Put it this way: say, hypothetically speaking, someone wants to make a science fiction movie. Someone else makes a sneering 'unicorn and spaceships' remark about sf. Film-maker rises to challenge, inserting dream-unicorn into otherwise hard-boiled narrative, as well as using much more metaphorical unicorn in the form of an origami sculpture. The film is, of course, Bladerunner, and it's surprisingly easy to forget that, yes, it has unicorns in it.

Of course, this isn't how Ridley Scott went about creating that part of the narrative, but you see what I'm driving at.


One of the authors I find perpetually inspiring is Rudy Rucker, not just because I enjoy many of his books, particularly the later ones (Spaceland, Saucer Wisdom), but because he makes freely available over the net his complete working notes for each book. It's an inspiration regardless of whether or not you've never written a book or you've already done a couple. If you want an idea of what goes on inside an author's head - what he has in terms of raw material to create a novel - Rucker's your man. He's got a new book out called Zek and the Elixir, and the complete notes are available here. If you're thinking about writing your first novel, this is a good thing to read.

If you haven't read Rucker before, I highly recommend Saucer Wisdom, which was deliberately designed to ape the style of 'ufo confessionals'. Style-wise, Rucker is a beatnik. There's no other word I can find to describe it and I'm not even sure what I mean, so take my word for it.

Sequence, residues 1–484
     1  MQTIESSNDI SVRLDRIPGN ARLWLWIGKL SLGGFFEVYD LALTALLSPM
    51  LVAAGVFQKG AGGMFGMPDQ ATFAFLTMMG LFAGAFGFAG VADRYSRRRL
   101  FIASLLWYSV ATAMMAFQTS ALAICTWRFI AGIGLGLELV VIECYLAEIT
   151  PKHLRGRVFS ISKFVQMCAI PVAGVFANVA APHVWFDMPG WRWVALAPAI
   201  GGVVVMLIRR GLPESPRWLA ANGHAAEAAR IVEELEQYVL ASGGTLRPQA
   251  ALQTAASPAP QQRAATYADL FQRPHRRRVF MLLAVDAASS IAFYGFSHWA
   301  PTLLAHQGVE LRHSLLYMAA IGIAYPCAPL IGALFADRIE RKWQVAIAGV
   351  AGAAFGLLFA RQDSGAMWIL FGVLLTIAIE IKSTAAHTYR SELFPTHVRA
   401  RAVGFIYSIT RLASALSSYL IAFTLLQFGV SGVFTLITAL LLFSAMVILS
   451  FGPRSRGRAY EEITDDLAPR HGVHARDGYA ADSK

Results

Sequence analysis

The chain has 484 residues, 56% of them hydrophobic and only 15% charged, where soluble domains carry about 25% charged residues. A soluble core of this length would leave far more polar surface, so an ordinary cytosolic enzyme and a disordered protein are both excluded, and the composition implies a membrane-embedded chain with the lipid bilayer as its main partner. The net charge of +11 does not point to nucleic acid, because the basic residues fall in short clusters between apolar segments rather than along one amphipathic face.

I read my new short story out to MJ and Eryn (whom I rent a room to) this evening and they listened in rapt silence, which is a good thing. Still needs a little work, though. Plus, the idea is such a good one I'm completely convinced someone must have used it before in just the same way.
So I dug up the beginning a story I started probably ... five years ago? And had a bash at finishing it. It's been an interesting process, in two ways: one, it's been a good couple of years since I even thought about writing a short story. And two: since I've written a couple of books since then, I find I have a great deal more discipline when it comes to writing in the short form. The story needs a little fleshing out, and a bit of period detail, given that it's set in the WW1 trenches. If this story comes out okay, I might well dig out some other old stuff and see if I can revamp it a bit. As well as write some new stuff.